South Lake Tahoe, Calif. –As tree-felling operations under the South Shore Fuels Reduction and Healthy Forest Restoration project move to new areas, the U.S. Forest Service Lake Tahoe Basin Management Unit (LTBMU) reminds the public to stay clear of active operations. “Heavy equipment operators can’t easily see people walking or biking through their operations, so if you’re disregarding posted signs and forest closures, you’re putting your safety at risk,” said LTBMU forester Duncan Leao. “Respecting closures will help us open recreation areas back up more quickly by minimizing interruptions to tree thinning operations.”
Thinning in the first unit along Hwy. 89 North has been completed, and mechanical operations in the Nez Perce Drive area of South Lake Tahoe also are nearly complete. Once that unit is complete, the contractor will be working near Fallen Leaf Campground and along Trout Creek, off Pioneer Trail. Noise from the operations near Fallen Leaf Lake may affect campers, although operations will occur during the daytime only. The work will also limit access to the Moraine Trail and other trails from the campground leading to Fallen Leaf Lake. The Trout Creek work will limit access to the Railroad Grade Trail.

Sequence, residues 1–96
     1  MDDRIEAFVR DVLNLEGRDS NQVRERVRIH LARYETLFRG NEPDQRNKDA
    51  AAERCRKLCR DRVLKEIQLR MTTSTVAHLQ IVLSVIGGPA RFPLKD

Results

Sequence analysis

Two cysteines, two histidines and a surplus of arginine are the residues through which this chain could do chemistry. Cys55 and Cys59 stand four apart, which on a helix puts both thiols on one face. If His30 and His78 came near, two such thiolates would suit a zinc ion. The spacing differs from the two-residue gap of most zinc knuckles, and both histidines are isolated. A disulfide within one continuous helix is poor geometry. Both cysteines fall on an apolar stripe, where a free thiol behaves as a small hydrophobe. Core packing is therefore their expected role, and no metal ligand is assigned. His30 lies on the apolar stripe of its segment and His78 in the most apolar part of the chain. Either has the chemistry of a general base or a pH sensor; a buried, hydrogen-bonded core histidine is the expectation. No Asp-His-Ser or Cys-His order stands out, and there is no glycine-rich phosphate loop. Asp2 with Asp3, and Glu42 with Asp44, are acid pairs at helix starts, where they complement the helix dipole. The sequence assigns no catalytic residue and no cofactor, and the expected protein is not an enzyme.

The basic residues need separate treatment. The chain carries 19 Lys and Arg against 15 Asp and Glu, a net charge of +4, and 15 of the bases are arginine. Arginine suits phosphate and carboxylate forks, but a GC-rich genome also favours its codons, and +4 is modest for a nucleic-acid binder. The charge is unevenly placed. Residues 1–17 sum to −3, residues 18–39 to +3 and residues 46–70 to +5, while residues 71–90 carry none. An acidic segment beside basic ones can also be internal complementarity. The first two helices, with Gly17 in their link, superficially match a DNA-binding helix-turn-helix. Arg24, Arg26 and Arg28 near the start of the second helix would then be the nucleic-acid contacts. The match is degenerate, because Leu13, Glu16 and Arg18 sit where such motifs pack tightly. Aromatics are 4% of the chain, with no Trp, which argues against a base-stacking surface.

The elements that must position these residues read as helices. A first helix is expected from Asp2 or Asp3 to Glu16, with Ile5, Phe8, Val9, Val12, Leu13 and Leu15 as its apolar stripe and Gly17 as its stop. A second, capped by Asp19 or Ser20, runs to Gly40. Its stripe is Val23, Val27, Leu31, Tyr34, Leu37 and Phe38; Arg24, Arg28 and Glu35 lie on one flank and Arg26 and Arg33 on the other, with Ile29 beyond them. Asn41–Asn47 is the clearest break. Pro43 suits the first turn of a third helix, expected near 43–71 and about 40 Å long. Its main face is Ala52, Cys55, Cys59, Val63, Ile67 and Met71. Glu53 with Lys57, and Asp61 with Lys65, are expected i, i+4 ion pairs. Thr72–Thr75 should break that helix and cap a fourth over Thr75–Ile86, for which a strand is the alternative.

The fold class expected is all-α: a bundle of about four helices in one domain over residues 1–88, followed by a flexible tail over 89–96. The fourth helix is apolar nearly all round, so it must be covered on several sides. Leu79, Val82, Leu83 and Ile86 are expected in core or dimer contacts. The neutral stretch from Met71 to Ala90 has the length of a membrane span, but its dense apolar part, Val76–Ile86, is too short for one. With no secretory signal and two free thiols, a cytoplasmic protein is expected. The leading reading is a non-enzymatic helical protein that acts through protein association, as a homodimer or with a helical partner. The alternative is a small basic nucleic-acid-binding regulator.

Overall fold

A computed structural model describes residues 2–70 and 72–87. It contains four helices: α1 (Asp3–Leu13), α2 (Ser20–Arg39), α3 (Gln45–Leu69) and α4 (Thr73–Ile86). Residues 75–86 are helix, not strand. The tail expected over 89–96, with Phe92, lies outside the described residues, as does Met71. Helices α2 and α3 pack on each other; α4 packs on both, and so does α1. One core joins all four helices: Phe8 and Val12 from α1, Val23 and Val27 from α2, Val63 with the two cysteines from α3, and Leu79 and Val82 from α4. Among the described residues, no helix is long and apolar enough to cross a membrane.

Once work is complete, the Forest Service will restore official trails such as the Moraine Trail and the Railroad Grade Trail to their previous condition. The agency does not restore unofficial (user-created) trails, and these trails may be covered with slash that has been left behind for soil stabilization.
The Forest Service has also issued a number of contracts for hand-thinning and piling operations, in project areas around the Lake. South Shore project activities will continue as conditions allow, including possible over-the-snow operations during the winter.
The South Shore project includes mechanical and hand-thinning to reduce wildfire risk to communities, improve forest health and restore aspen stands. The project will treat approximately 10,100 acres from Cascade Lake to Stateline on the California side of Lake Tahoe over the next eight years. “We appreciate the community’s patience as we continue this important work to help protect our neighborhoods and restore the health of our forests,” said Leao.
For more information on the South Shore project, please visit http://www.fs.usda.gov/goto/